Merci: If I had walked into funky concept store Merci during my honeymoon, I imagine that I would spend the afternoon with my husband, mentally pinning images for my someday home. Between the furniture, tabletop items and fashion, Merci crafts a dreamy domestic life that I can pine for from my table in the café and tea room. I first stumbled upon colorful washi tape here three years ago, and drink my daily coffee from glass mugs discovered downstairs with a friend.

Bonton: This is the kids-version of Merci, and worth a visit for the bright candy-colored objects on display. Truth be told, I visit for the old-fashioned photo booth in the front of the store. Ever nostalgic, I mark each visit to Paris with a strip of quick-printed sometimes smiley, sometimes wacky self-portraits.

Rose Bakery: Don’t even think of coming to Paris and not eating at Rose Bakery, especially if market-fresh salads, vegetable-dense quiches and sweet teacakes are your thing. Opened more than 10 years ago but still going strong, Rose Bakery satisfies immensely, and was on my regular lunch rotation. You can’t miss the entryway; it’s dotted with English imports (jams, teas, etc.) and one of the most colorful bakery displays in the entire city.

Café Charlot: Café Charlot comes in and out of favor with the fashion-forward set, playing host to laid-back lunches between models, editors and designers throughout fashion week. Its décor suggests busy Paris bistro but, really, it’s more gastropub in style, serving up-market takes on club sandwiches, cheeseburgers and steak tartare. The fries are well crisped and thin, brought to the table in the sweetest small metal mug.

Marche des Enfants Rouges: Just across the street from Café Charlot, the oldest covered market in Paris, established in the 1600s, is a hub of gastronomic activity everyday but Mondays in le Marais. Grab your daily fruits and vegetables at the Marche des Enfants Rouges or do as I have: settle into a counter with a plate of just-made risotto, a glass of wine and your favorite novel.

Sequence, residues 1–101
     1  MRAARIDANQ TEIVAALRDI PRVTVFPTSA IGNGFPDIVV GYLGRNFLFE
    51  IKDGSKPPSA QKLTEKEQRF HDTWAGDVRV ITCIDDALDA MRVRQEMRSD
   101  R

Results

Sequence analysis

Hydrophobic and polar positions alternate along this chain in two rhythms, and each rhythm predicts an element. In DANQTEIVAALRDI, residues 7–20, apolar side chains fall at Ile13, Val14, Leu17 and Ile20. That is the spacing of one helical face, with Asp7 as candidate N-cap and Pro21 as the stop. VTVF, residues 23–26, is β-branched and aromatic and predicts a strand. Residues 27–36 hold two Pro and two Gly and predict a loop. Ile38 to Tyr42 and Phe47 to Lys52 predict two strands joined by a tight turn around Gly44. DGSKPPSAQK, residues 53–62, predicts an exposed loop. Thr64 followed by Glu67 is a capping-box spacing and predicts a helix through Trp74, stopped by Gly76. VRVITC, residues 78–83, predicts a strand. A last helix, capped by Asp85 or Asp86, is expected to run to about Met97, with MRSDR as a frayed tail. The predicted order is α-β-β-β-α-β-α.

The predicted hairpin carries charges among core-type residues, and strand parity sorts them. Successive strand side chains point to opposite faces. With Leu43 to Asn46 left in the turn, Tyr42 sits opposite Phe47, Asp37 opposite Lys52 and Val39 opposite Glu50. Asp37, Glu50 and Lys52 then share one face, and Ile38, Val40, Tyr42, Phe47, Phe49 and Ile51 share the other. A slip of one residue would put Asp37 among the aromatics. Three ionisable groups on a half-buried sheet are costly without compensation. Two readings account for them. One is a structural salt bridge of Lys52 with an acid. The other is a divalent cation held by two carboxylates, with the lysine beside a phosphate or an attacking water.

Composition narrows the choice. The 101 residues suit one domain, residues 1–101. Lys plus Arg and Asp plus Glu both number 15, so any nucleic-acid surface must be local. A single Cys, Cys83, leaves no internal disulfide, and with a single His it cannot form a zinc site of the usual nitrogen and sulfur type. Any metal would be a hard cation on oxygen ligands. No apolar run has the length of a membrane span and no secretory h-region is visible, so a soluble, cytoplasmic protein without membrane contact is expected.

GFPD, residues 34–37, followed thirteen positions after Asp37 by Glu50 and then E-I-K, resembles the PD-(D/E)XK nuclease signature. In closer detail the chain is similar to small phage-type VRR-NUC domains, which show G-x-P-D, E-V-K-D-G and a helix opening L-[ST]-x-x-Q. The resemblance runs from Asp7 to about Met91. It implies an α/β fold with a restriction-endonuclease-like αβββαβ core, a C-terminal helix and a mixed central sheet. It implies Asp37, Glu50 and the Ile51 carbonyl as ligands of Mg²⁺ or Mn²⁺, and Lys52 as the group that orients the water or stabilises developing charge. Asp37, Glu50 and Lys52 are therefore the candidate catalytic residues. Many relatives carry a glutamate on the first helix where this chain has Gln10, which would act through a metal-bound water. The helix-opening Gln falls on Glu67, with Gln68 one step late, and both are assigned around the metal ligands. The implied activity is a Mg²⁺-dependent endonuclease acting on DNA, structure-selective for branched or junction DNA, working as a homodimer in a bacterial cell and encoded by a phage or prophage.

La Perle: After a day of gallery hopping up and down le Marais, I always sneak a coffee at La Perle. The service is zippy and the coffee is always good. Sit inside or grab a spot at the tall tables out front, as this corner at Rue Vieille du Temple is the unofficial waypoint between the north and south Marais; the people watching can be gripping. This used to be the typical haunt for the true fashion crowd, but after John Galliano’s drunken outburst there two years ago, the fashion set comes and goes. The crowds are absolutely maddening at night so I stick to late morning or early afternoon espressos.

Verjus: Once in a while, I do leave the confines of the haute Marais. On my last visit, I was drawn to Verjus in the first arrondissement three times in a single month. Opened by Braden Perks and Laura Adrian, hospitality veterans who used to run a smashingly successful hidden super club in their home, Verjus is a delight, serving small plates and small production wines downstairs and a nightly shifting chef-style menu upstairs. I love the option of eating by my mood, sometimes going all out upstairs or grabbing just a few bites downstairs. The food is fresh, inventive and inspired by a variety of international cuisine, a little bit of America in Paris.

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Maggie Battista started Eat Boutique as a blog in 2007, and sold out of her first gift box of small batch independent food in 2009. Discovering the best small batch foods by boutique food makers, Eat Boutique has been featured in The Boston Globe, The Wall Street Journal, Gilt Taste, Daily Candy and now Style Me Pretty. Maggie continues to offer unique and delicious handmade food in monthly tasting subscriptions and seasonal gift boxes for food fans and home cooks. Maggie also hosts Eat Boutique Markets, where she gathers cookbook authors, food and drink makers, and food fans.

Heidi Murphy, wedding + lifestyle photographer, and aspiring foodie. Though her heart belongs to Martha’s Vineyard, she lives north of Boston with her husband and their three dogs in a charming seaside town. She has an affinity for simple flavors + simple pleasures, farmer’s markets, organic everything, s’mores, corn from the grill, and all served up with a glass of champagne. Heidi’s work, on film, has been featured stateside and abroad; and her musings + imagery can be found on her blog – White Loft Style.